The United Nations Conference on the Human Environment (Stockholm, 1972), established the United Nations Environment Programme (UNEP) as the environmental conscience of the United Nations (UN) system.
Since its inception, UNEP has had a mandate to encourage economic growth compatible with the protection of the environment. This element of UNEP’s role was considerably enhanced at the UN Conference on Environment and Development (The Earth Summit) (Rio de Janeiro, 1992), which placed great emphasis on promoting sustainable development – “development that meets the needs of the present without compromising the ability of future generations to meet their own needs.”1
UNEP has worked closely with industry in developing environmental management strategies, and started working with forward-looking organisations in the financial services sector at the beginning of the 1990s. UNEP was convinced that the financial sector had a valuable contribution to make in protecting the environment while maintaining the health and profitability of their businesses.
Launching the UNEP Finance Initiative
The concept of the UNEP Finance Initiative was launched in 1991 when a small group of commercial banks, including Deutsche Bank, HSBC Holdings, Natwest, Royal Bank of Canada, and Westpac, joined forces with UNEP to catalyse the banking industry’s awareness of the environmental agenda. In May 1992, in the run up to the Rio Summit that year, the UNEP Statement by Banks on the Environment and Sustainable Development was launched in New York, and the Banking Initiative was formed.
This Initiative, which operated under the auspices of the United Nations Environment Programme, engaged a broad range of financial institutions, including commercial banks, investment banks, venture capitalists, asset managers, and multi-lateral development banks and agencies – in a constructive dialogue about the nexus between economic development, environmental protection, and sustainable development. The Initiative promoted the integration of environmental considerations into all aspects of the financial sector’s operations and services. A secondary objective of the initiative was to foster private sector investment in environmentally sound technologies and services.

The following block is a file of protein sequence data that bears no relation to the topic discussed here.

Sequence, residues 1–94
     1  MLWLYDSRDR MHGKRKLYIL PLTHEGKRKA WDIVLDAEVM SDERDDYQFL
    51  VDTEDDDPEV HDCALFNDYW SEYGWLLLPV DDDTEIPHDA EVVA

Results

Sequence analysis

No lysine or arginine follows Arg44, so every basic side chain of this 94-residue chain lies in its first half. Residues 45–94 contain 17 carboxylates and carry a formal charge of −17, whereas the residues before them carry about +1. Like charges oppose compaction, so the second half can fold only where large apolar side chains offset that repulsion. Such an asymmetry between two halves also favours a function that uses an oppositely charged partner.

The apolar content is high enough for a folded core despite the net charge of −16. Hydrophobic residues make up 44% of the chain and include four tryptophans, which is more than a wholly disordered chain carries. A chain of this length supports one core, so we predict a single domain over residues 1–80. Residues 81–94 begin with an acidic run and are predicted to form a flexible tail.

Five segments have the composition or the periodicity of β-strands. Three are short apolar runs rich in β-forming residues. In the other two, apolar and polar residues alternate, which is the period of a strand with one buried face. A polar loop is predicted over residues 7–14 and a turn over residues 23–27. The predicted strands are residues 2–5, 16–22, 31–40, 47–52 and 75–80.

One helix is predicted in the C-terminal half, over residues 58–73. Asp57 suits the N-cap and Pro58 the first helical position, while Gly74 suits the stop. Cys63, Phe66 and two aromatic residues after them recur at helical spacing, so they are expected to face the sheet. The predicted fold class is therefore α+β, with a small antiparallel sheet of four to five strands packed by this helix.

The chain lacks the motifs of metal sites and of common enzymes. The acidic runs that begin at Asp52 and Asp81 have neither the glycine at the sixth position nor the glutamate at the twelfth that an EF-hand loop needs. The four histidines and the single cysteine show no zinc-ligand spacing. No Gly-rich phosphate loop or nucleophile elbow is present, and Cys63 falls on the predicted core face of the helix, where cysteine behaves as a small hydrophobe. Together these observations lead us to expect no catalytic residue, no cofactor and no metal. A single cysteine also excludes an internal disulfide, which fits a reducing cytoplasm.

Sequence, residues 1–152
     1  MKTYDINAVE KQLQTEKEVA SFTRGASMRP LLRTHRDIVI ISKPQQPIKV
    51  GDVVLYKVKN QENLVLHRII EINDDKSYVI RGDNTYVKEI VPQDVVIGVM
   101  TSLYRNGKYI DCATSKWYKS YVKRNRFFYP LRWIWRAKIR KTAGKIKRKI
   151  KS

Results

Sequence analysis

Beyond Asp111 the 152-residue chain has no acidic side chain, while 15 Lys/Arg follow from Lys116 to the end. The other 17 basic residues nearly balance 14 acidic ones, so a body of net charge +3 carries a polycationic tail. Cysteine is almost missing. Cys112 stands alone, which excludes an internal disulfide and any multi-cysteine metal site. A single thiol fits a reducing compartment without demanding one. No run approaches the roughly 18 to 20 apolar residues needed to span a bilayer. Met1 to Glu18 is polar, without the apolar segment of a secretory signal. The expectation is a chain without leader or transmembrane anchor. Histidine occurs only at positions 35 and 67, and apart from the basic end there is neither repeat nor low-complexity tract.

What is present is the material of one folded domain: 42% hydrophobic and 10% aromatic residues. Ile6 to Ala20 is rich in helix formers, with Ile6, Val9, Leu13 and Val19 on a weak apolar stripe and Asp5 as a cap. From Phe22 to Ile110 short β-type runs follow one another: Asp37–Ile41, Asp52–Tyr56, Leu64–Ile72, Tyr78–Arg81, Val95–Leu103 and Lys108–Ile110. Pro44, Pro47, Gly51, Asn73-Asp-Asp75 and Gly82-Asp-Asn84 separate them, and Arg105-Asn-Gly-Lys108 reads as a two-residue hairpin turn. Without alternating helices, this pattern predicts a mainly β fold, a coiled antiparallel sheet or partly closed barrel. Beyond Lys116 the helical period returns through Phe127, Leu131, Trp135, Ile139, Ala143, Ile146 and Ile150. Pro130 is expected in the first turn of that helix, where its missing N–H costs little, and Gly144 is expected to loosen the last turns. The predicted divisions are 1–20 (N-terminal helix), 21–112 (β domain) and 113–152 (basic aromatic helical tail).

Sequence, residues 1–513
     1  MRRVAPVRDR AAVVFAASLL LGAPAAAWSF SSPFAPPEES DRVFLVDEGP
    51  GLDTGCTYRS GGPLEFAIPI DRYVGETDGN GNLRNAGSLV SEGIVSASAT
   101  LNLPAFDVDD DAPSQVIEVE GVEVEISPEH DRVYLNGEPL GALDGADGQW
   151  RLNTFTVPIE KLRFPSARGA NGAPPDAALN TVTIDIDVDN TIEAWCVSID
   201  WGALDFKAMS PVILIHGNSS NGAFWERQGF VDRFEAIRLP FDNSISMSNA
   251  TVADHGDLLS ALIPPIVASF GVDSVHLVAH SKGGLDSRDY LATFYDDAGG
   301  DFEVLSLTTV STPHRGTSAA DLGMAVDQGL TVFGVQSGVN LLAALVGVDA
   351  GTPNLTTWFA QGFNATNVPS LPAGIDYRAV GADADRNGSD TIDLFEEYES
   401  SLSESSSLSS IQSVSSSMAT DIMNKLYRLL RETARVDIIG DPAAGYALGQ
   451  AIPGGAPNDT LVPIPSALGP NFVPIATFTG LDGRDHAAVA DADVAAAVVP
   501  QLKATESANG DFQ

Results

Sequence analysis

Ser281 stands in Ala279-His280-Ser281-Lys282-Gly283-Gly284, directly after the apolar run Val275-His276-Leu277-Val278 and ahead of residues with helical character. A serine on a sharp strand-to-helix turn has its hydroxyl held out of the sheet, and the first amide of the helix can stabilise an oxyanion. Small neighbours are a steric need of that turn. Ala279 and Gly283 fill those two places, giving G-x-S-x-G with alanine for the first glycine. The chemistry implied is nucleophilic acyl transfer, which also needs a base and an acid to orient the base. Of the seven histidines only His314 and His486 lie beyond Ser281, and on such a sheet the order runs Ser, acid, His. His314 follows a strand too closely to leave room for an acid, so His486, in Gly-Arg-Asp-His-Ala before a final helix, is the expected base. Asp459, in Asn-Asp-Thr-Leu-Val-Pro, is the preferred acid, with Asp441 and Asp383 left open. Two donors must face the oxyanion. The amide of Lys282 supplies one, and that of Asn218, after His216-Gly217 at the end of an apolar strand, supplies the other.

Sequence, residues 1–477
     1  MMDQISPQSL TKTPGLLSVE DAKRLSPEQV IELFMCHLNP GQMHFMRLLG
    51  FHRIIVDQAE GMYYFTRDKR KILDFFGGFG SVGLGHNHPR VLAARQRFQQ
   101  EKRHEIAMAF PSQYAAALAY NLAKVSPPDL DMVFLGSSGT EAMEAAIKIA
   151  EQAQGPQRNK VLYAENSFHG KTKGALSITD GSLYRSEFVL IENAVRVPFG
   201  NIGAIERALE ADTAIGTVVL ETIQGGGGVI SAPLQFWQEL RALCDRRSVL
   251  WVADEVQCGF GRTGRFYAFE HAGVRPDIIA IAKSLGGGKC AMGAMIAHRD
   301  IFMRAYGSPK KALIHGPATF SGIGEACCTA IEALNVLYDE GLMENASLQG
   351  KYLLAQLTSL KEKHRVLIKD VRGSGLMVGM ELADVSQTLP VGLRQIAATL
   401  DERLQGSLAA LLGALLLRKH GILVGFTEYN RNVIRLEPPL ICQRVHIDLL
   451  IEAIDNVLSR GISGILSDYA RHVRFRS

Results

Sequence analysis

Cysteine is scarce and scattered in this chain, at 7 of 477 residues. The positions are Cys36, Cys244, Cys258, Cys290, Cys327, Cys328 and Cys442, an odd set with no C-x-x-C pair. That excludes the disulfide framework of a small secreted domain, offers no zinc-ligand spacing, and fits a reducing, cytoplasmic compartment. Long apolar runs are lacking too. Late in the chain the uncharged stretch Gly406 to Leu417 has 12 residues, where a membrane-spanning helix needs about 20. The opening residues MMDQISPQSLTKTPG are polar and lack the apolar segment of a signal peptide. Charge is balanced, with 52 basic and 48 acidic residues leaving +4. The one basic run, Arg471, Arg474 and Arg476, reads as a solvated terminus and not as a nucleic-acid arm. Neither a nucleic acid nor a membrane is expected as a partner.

Engaging insurers and reinsurers
In 1995, UNEP joined forces with a group of leading insurance and reinsurance companies, including General Accident, Gerling Global Re, National Provident, Storebrand, Sumitomo Marine, & Fire, Swiss Re, as well as pension funds, to launch the UNEP Statement of Environmental Commitment by the Insurance Industry. In this voluntary commitment, signatory companies pledge that they will aim at achieving a balance of economic development, the welfare of people and a sound environment. The Statement acknowledges the principles of sustainable development and the precautionary principle. It also calls upon insurers to incorporate environmental considerations into their internal and external business activities.
In 1997, the Insurance Industry Initiative (III) was formed to fund research activities, and to sponsor awareness meetings and workshops and the annual regular meetings of the Initiative.
Building the Initiative
This same year, the UNEP Statement by Banks on the Environment and Sustainable Development was redrafted, in order to broaden its appeal to the wider financial services sector At this stage, the Banking Initiative was renamed the Financial Institutions Initiative (FII).
From 1999, both the Financial Institutions Initiative (FII) and Insurance Industry Initiative (III) started to work more closely together on issues of mutual interest, and UNEP FI’s core working groups were formed – the Climate Change Working Group, the Asset Management Working Group, and the Environmental Management and Reporting Working Group.
The first UNEP FI Global Roundtable to be co-convened by the FII and III was held in Frankfurt (2000).
Merging the UNEP Finance Initiative
At the 2003 Annual General Meeting (Geneva), the UNEP Financial Institutions Initiative (FII) and the UNEP Insurance Industry Initiative (III) agreed to merge, forming one Initiative to be known as the UNEP Finance Initiative. Both groups have been, over the last number of years, collaborating very closely together through the Initiative’ work programmes and regional activities and this formalization was the final step in that process, and will allow the Secretariat and Steering Committee to develop an integrated work programme with added value for all signatory institutions.
The Initiative continues to receive government recognition for its work via UNEP’s Governing Council, the Commission on Sustainable Development, and through various environmental conventions, such as the Convention on Biological Diversity and the United Nations Framework Convention on Climate Change.
The UNEP Finance Initiative currently has over 200 Member institutions from over 40 countries.